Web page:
Something I hear over and over again from the women I meet is that they often feel overwhelmed. And, of course, it makes sense that so many of us experience overwhelm. We’re smart, passionate people who want to take good care of the things that matter to us, and there are so many of those things! Kids, partners, jobs, hobbies, health, fun. Then add in constantly pinging phones, inboxes, social media accounts and the general information overload happening. Add a dash of something unexpected like a sick kid or a leaking roof and it’s enough to make you feel like you might be drowning.
If you look up the definition of overwhelm in the dictionary, it is not pretty. You get words like, submerge, massacre, engulf, bury, and deluge. And let’s not forget clobber, devastate, and dumbfound. Sheesh.
And that’s what the experience of it feels like – like there is so much coming at you that you are drowning, you are powerless, you are rendered incapable of even thinking clearly. Which makes overwhelm extremely tricky, because how can you work with something that basically takes you down for the count?
It is possible to get clarity on your overwhelm and to make it a sensation that you no longer—or only very rarely–experience. A great place to start is looking at what your overwhelm might be trying to tell you. Here are three very good possibilities. Do any of these sound like something that might be happening with you?
You’re saying yes to things that aren’t a good fit
You are capable of so much, with one caveat. The things you devote your time and energy to have to be something that are ultimately fulfilling to you. Meaning, they have to fill you up. Otherwise they will deplete you. For example, I joined the parent teacher organization (PTO) this past year, and let me tell you, it is tedious. There are all kinds of bylaws we have to adhere to and conversations about what those bylaws are. We have to sit on tiny little chairs in the school library that’s not heated at night. The money we work so hard to raise doesn’t always get spent in the way we believed it would or should. But I know that I want to be involved in my kids’ school, and so all the tedium is worth it.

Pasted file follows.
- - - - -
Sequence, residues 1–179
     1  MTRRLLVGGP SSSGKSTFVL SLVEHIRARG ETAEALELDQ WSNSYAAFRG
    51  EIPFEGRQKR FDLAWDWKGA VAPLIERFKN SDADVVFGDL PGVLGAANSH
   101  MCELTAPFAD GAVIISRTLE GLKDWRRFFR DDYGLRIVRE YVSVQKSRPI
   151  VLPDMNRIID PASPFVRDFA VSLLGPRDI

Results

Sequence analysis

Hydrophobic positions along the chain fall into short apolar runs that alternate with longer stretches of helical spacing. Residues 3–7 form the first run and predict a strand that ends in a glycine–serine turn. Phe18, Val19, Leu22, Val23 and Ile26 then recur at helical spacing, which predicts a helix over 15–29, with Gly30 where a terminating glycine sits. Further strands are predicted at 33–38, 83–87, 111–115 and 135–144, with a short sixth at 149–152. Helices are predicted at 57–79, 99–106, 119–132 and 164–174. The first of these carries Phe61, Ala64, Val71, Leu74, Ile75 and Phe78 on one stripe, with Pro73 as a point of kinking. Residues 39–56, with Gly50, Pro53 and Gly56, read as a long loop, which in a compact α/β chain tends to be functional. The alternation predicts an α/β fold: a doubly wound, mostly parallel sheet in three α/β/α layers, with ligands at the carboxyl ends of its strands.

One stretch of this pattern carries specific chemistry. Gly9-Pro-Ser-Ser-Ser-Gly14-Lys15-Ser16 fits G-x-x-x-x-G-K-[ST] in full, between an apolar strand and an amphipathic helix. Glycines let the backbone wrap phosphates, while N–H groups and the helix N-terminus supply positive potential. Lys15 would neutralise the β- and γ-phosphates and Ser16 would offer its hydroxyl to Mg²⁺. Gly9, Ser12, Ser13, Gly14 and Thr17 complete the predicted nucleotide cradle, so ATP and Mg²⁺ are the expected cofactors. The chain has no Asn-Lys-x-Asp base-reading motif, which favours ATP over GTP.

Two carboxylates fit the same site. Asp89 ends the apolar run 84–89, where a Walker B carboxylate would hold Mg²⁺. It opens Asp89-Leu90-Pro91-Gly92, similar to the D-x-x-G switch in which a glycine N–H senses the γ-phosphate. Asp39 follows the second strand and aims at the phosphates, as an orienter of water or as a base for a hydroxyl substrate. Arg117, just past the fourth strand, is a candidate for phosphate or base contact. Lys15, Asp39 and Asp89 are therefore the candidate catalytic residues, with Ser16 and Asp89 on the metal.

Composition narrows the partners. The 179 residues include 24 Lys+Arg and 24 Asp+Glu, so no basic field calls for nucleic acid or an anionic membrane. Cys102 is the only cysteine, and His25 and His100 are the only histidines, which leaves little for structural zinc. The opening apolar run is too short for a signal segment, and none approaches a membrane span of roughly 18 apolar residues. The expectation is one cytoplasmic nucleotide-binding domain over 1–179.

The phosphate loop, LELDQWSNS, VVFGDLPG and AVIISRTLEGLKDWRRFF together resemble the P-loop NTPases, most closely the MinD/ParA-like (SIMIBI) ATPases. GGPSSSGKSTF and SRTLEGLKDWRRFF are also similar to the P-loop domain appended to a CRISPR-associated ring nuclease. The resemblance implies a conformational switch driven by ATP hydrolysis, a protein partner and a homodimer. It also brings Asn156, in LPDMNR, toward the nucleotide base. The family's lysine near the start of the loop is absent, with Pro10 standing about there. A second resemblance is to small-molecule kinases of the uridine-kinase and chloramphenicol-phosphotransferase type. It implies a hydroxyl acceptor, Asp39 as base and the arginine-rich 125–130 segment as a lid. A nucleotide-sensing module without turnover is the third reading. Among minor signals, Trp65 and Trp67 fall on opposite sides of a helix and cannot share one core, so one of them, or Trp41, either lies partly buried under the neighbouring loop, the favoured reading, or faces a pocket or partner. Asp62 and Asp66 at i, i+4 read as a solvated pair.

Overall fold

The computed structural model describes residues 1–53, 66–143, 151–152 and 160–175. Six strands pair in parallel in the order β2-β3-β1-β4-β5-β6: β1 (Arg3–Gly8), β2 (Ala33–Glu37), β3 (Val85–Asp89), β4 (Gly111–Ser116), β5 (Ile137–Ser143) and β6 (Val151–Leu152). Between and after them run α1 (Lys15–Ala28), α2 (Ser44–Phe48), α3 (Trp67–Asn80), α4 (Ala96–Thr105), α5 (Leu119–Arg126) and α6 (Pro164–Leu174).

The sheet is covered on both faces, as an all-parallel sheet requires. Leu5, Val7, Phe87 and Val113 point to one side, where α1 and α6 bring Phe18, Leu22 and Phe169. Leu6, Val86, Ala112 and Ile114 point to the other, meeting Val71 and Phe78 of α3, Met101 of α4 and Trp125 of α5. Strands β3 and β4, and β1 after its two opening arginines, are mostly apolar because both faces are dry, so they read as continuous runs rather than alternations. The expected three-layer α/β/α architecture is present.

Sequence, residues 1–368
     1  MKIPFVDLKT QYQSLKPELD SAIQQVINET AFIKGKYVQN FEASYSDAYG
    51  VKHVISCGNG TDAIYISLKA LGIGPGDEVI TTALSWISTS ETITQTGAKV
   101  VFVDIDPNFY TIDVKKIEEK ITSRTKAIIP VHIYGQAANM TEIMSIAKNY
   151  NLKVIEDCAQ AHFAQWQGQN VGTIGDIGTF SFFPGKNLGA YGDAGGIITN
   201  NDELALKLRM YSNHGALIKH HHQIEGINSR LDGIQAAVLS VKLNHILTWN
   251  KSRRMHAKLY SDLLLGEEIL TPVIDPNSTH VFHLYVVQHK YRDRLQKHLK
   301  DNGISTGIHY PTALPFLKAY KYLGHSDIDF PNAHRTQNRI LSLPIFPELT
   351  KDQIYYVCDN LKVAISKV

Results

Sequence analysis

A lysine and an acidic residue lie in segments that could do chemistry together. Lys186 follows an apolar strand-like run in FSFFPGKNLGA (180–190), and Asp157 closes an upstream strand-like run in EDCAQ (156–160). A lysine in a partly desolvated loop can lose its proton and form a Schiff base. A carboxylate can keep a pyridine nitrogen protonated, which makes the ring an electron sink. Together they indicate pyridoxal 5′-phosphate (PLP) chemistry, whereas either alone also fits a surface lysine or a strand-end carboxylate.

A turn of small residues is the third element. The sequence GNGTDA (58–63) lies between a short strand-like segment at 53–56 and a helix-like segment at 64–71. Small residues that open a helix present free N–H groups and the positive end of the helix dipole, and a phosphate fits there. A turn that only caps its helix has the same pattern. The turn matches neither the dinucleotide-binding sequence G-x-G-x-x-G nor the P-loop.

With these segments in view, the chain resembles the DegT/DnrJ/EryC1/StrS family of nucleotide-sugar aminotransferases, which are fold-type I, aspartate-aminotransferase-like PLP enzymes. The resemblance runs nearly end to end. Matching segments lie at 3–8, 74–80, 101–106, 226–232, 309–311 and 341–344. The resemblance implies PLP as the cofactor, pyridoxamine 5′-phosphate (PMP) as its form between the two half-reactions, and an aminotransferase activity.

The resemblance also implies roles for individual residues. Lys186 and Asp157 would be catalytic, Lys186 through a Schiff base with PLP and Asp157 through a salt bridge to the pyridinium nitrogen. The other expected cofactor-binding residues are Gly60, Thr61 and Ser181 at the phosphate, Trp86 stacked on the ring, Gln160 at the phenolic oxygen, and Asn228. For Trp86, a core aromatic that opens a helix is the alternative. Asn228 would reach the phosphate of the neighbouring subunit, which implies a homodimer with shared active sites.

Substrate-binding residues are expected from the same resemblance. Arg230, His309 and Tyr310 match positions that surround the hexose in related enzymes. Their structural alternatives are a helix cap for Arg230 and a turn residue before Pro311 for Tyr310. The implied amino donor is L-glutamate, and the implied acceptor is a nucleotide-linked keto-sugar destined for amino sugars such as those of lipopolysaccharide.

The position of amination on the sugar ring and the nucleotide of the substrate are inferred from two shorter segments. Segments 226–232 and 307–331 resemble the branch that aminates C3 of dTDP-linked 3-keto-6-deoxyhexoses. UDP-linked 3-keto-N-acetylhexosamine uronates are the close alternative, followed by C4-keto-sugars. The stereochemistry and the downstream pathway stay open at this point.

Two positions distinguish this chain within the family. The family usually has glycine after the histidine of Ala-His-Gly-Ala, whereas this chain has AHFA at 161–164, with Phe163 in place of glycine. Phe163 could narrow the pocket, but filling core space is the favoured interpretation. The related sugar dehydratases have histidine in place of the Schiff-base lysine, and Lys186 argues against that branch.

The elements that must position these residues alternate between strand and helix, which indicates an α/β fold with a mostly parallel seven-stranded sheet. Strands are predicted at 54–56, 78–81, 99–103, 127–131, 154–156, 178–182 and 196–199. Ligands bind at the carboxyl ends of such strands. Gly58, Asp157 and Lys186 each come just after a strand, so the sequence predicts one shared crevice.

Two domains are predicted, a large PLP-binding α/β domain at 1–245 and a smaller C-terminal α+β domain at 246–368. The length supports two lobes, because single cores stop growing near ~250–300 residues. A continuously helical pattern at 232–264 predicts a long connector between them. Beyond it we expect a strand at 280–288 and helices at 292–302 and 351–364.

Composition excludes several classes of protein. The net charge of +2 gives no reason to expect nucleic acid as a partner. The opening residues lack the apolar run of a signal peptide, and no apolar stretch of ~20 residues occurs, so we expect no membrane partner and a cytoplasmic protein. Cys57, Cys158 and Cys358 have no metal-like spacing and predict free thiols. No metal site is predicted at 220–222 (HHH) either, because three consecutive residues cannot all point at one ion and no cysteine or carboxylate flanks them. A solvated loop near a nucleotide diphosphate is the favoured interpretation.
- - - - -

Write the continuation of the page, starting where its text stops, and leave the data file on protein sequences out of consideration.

If you’re doing something that doesn’t align with what you care about it, you don’t have to do it. Consider this all the permission you need to start planning your exit strategy.
You’re not getting enough help
I know some people may read this as “blaming the victim” but here’s the thing, we’re all responsible for asking for what we need. If you’re trying to do everything yourself—because that’s your habit, or you don’t want to be a burden to others, or simply because that’s the way you think it has to be–you’re trying too hard. The people around you are capable of pitching in more.
Get the kids and your spouse to do more. Invite your friends. Hire help! I believe that we all need to outsource much, much more than we currently are so that we can each spend more time doing the things that are most important, impactful, and enjoyable. This is the subject of a future post! My point here is that getting more help starts with your asking for it—don’t ask, don’t get.
You’re trying too hard
Wanting to do a great job is such an honorable intention. But trying to constantly knock everything out of the park is exhausting. It’s unsustainable. It’s also unnecessary. You don’t have to be impeccable. All you have to be is present and real—you may not always know the perfect thing to say, but if you’re listening, you’ll always know the next right question to ask. And that is gold.
I’m developing a new resource to help you overcome overwhelm for real, and for good. More about that next week. 🙂 Until then, just know this: You are capable of more than your overwhelm is trying to convince you that you are.